Photographing A Cattle Drive in Colorado
From squaw tits to jingle bobs, everything a cowboy uses has a purpose.
Had an awesome experience today. Got to drive 140 head of cattle with everyone at Red Top Ranch. One of the best experiences I have ever had in my life. The ranch is 97,000 acres and has a total of 1,700 cows. We moved about 140 of them to a new section of land so they would have better access to water since one of the wells was having a few problems. The cows are Angus and are primarily used for beef.
The ranch is incredibly beautiful and since there was a lot of rain this year and the prairie is carpeted with has miles and miles of wild sunflowers.
All together there were 5 of us spread out over about a 1/2 mile. After we got all the cows moving and we gradually became closer and brought the herd tother so we could get them through the gate in the fence. We drove them up onto a mesa then watched them go down the other side to the section where there was better water.
In addition to us there were about 5-6 cattle dogs with us. The cattle dogs would walk near the horses and wait for commands from the cowboys or wait until they saw a cow stray away from the herd. As soon as they would get a command they would take off like missiles, running at incredible speed towards the cow, kicking up dust as they went.
When they got to the cow they would jump around and nip at the cows legs until the cow ran back to the herd or until they received a command (in the form of a whistle) to back off and come back to the cowboys.
We rode on quarter horses today. Quarter horses get their names because they are the fastest horse in the quarter mile. The other kind of working horse is called a thoroughbred and is a better long distance runner. Not only are these horses good at running, they also at “cutting” which means to the act of separating the cattle from the herd for branding, doctoring (giving medicine) or sorting them for sale. A cutting horse possesses an innate ability to anticipate or read a cow's intended moves; an ability commonly referred to as having cow sense or cow smarts. Cutting horses that are well-trained and properly conditioned are athletes with skills honed to respond instantaneously to match a cow's every move, head to head, in order to contain it. The harder a cow tries to get back the herd, the more skill, athleticism and cow sense are required of the horse.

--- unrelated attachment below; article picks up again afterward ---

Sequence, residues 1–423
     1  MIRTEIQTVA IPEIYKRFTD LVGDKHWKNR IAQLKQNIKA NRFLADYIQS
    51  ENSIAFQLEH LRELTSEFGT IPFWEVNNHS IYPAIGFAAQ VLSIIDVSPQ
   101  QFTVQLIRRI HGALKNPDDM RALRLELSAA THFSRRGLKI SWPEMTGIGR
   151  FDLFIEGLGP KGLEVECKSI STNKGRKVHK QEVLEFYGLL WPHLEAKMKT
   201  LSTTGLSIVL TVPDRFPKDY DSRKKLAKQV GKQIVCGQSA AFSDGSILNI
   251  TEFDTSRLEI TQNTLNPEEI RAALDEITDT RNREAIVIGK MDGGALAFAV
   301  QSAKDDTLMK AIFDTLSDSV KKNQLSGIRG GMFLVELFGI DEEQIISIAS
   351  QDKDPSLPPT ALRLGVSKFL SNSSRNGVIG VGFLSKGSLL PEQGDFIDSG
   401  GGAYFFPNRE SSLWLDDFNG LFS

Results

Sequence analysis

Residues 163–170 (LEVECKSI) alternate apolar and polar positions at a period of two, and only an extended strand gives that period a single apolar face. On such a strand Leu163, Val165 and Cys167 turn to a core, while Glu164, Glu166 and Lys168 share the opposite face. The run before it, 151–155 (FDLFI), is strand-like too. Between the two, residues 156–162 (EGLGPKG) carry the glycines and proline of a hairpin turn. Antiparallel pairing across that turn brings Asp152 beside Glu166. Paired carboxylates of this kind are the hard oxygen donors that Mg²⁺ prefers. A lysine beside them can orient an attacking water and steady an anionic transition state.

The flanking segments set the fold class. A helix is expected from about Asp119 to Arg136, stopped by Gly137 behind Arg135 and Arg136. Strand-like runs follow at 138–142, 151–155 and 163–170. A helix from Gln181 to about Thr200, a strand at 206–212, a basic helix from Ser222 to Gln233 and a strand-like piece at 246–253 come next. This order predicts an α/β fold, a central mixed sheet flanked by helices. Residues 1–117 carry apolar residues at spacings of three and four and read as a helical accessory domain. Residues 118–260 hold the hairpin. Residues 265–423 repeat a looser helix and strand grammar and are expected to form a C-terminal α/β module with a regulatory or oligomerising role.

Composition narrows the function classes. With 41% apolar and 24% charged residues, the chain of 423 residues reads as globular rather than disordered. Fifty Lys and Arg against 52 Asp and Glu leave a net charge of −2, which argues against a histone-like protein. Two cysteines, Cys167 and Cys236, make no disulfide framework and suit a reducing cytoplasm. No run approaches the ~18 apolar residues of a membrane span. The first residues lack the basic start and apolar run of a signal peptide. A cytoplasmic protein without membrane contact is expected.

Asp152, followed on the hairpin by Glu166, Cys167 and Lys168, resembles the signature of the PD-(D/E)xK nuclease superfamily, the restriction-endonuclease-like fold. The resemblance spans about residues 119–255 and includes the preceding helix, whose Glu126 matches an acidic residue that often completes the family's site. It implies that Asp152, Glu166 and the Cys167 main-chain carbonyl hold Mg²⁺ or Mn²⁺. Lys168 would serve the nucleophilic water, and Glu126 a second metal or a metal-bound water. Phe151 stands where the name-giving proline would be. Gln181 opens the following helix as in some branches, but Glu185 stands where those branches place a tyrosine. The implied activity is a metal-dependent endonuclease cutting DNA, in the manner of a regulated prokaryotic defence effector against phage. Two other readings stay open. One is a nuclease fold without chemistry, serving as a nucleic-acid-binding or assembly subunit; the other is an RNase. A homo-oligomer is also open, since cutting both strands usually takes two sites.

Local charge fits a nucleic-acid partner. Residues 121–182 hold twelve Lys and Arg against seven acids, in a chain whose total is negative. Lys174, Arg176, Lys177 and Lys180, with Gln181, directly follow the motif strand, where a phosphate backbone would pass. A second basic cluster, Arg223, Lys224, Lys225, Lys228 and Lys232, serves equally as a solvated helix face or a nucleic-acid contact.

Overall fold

Everything Has A Purpose
Chaps, boots, hats, saddles, bits, everything a cowboy wears has a use. Sometimes people make fun of how they look but in reality they are wearing work clothing the serves important purposes on the open range.
Chaps are made out of thick leather and cover the cowboys pants and protects them from brush and snake bites. They also serve as good protection if a horse or cow kicks them.
Cowboy boots help keep their feet in the stirrups and protects them from brush and snakes. The boots also have spurs which are used to help give commands to the horses. Jingle bobs (actual name) are small pieces of metal that are attached to the spurs and jingle while you ride. Some people say that when your horse hears the jingle sound they know you have spurs on so will behave better.
Skin cancer is a serious issue for cowboys. Huge hats with 6-1/2” brims are used to protect them from the sun.
Western Wade saddles are used for comfortable riding. The saddle horn is not only a good place to hold on but it acts as a place to hold the lasso and other ropes needed for rounding up cattle.
The saddle is also fitted with “bucking rolls” which are two padded pouches that are added to the front of the saddle seat to supplement the swells and help a rider stay in the saddle. The slang term for these is “Squaw Tits” 🙂
Bits are important as they allow you to control the horse. The bit is the piece of metal that goes in the horses mouth. Good bits have copper or sweet iron in them so the horse produces saliva and keeps their mouth wet and healthy. Really good bits include pieces of decorative inlayed or outlayed silver and have prices starting at $300-$400 and go up from there.
Being out there on horse back driving cattle through the open plains was an amazing experience and I really want to thank Kasie Gene Boatright Bo Boatright Tyrell Brooks and Davie Brooks for having me out. Last but not least I want to thank Shari Brooks for cooking and sharing a great lunch as well as her green chili sauce. 🙂 I also want to thank them so much for attending my talk last night. I know that its a long drive and I really appreciated them going out.